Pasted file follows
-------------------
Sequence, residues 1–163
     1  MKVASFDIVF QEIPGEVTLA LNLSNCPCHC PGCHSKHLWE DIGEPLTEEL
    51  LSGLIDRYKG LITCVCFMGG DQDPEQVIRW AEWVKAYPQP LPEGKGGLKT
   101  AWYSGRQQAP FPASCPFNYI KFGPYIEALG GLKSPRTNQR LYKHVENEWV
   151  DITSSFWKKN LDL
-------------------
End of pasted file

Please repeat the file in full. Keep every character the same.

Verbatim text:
Sequence, residues 1–163
     1  MKVASFDIVF QEIPGEVTLA LNLSNCPCHC PGCHSKHLWE DIGEPLTEEL
    51  LSGLIDRYKG LITCVCFMGG DQDPEQVIRW AEWVKAYPQP LPEGKGGLKT
   101  AWYSGRQQAP FPASCPFNYI KFGPYIEALG GLKSPRTNQR LYKHVENEWV
   151  DITSSFWKKN LDL